[brest; for 2 also Russ. bryest]
Brest, city (1990 pop. 153,099), Finistère dept., NW France, on an inlet of the Atlantic Ocean. It is a commercial port, an important naval station, and the seat of the French Naval Academy. There is a national engineering school in Brest and nearby is the Oceanographic Center of Brittany. Electronics equipment, metals, paper, and clothing are the chief manufactures. The city dates from Gallo-Roman times. The spacious, landlocked harbor was created in 1631 by Cardinal Richelieu as a military base and arsenal. In 1683, during the reign of Louis XIV, Marshal Vauban built the ramparts and a castle. The French repulsed the English in 1694 off Brest; in 1794 the English, under Lord Howe, defeated the French fleet. During World War II the Germans had a huge submarine base at Brest. Their heavily fortified submarine pens showed few cracks under Allied air raids; but the city itself was almost completely destroyed. The German garrison capitulated to U.S. troops in 1944.
Brest, formerly Brest-Litovsk, Pol. Brześć nad Bugiem, city (1989 pop. 258,016), capital of Brest region, W Belarus, at the confluence of the Western Bug and Mukhavets rivers near the Polish border. As a point of entry into Belarus, it has industrial, commercial, and transportation concerns. Industries include food processing and the production of metals, textiles, and electrical machinery. Founded by Slavs in 1017 as Bereste, the city was conquered by the Mongols in 1241 and by Lithuania in 1319. During the 14th cent. it was renamed Brest-Litovsk. In 1569 it became capital of the newly merged Polish and Lithuanian state. Brest passed to Russia in the third partition of Poland (1795). German forces took the city in 1915 and three years later signed the Treaty of Brest-Litovsk with Soviet Russia there. Held by Poland between the world wars, Brest was regained by the USSR in 1939, occupied by Germany from 1941-44, and finally liberated by the Soviet army.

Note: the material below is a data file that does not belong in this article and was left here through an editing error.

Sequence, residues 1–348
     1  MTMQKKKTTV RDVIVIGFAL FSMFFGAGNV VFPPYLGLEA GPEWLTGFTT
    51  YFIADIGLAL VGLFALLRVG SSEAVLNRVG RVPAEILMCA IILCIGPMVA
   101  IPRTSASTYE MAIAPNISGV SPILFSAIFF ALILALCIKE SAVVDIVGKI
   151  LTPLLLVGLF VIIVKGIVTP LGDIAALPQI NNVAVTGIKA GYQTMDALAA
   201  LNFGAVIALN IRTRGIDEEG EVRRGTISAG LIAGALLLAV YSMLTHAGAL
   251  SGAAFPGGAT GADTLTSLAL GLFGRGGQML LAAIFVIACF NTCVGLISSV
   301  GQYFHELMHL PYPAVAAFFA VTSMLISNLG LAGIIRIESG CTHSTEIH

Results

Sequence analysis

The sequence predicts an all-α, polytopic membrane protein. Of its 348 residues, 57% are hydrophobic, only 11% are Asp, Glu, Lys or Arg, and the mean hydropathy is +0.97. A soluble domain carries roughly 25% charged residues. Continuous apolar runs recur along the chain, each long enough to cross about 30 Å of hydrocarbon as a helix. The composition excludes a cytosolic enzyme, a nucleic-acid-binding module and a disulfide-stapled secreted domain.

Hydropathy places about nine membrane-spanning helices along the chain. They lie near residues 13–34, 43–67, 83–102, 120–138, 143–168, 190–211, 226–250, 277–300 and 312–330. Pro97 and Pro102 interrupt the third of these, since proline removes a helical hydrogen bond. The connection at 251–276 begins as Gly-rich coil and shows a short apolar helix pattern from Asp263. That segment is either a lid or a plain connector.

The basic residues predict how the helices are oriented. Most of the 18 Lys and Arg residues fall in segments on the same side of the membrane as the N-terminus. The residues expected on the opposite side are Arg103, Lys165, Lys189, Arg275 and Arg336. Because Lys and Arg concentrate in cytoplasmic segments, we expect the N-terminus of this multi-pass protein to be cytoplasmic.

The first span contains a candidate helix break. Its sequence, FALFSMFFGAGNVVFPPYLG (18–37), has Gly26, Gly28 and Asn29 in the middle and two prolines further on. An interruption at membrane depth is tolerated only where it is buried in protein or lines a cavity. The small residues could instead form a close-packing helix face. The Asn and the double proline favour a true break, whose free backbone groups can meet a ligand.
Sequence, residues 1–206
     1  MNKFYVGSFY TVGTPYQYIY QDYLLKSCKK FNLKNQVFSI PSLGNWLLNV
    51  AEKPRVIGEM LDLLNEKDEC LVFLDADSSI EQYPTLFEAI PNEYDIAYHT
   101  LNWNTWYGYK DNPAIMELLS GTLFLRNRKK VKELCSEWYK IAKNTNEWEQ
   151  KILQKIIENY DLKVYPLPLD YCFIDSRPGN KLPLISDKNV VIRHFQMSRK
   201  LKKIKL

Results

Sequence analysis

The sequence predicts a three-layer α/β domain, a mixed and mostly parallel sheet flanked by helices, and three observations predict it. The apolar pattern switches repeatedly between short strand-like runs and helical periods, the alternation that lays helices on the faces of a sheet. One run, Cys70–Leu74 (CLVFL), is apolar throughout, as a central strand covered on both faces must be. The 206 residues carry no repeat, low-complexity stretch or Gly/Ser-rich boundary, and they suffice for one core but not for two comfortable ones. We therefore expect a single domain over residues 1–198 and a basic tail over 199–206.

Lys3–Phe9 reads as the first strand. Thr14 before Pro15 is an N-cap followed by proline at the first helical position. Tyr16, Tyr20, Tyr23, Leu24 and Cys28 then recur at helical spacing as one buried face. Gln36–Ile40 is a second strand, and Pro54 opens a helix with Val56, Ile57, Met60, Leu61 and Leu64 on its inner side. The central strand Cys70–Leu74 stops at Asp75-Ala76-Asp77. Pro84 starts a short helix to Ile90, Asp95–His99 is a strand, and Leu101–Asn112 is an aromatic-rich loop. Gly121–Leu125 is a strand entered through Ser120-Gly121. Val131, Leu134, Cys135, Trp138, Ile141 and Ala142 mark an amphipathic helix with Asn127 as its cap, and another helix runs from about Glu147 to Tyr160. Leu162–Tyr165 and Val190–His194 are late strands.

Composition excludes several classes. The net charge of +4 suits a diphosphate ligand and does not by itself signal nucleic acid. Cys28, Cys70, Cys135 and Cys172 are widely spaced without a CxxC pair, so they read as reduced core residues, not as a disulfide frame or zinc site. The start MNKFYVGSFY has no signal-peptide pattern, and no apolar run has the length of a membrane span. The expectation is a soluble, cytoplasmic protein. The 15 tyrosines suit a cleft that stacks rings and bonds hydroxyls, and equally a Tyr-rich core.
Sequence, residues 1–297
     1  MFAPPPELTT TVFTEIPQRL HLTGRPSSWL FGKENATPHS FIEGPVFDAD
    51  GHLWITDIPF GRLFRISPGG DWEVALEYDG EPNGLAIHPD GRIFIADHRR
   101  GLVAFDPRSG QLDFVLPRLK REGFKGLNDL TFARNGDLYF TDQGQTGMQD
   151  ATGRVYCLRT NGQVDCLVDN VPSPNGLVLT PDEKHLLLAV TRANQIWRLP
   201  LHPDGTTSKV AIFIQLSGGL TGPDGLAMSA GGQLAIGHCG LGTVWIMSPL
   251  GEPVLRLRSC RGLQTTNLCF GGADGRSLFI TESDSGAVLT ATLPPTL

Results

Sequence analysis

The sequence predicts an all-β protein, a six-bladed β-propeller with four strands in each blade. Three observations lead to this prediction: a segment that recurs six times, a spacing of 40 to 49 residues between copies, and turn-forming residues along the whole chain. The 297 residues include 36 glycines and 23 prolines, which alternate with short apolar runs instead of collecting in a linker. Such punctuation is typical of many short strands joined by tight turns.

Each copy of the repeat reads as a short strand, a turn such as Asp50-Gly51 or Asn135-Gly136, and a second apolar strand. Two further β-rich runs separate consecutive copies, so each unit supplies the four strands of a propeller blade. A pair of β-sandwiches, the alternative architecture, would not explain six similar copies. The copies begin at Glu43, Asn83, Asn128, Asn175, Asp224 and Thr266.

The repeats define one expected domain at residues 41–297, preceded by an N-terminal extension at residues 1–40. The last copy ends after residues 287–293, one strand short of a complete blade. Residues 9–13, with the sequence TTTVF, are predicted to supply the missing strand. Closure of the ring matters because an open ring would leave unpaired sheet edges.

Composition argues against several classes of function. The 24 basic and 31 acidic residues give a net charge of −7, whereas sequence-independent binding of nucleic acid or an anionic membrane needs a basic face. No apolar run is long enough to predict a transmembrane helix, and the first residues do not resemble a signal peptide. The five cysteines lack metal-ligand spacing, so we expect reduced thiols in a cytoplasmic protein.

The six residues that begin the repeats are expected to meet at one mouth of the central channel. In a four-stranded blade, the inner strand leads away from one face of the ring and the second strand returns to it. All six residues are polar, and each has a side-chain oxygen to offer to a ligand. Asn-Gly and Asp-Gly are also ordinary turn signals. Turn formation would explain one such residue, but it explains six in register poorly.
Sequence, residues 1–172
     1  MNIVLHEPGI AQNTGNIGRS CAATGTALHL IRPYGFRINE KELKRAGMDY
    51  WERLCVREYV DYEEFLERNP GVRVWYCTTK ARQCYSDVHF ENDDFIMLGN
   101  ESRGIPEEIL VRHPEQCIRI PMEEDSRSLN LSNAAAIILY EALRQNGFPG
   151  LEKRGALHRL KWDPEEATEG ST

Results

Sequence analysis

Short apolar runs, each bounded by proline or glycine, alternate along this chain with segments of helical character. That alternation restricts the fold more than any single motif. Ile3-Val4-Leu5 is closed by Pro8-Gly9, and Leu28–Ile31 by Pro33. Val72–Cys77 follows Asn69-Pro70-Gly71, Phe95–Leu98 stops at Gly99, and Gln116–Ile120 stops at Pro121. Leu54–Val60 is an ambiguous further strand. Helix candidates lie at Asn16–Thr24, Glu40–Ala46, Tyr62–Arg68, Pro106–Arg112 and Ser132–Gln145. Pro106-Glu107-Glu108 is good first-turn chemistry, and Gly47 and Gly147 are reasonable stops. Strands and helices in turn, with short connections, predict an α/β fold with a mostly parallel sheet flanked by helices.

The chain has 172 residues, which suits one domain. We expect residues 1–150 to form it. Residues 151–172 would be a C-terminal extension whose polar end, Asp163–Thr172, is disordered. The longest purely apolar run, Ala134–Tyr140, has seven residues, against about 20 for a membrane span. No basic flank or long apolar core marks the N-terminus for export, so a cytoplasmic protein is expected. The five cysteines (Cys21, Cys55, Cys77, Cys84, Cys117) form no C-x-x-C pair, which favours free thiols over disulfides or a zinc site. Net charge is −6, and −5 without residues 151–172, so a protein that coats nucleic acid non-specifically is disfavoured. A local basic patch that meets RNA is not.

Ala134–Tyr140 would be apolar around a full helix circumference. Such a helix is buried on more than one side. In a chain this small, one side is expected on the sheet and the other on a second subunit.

Brest may refer to:



  • Harold Brest, 20th century American prisoner
  • Martin Brest (born 1951), American filmmaker, producer, screenwriter, film editor, and actor

Other uses:

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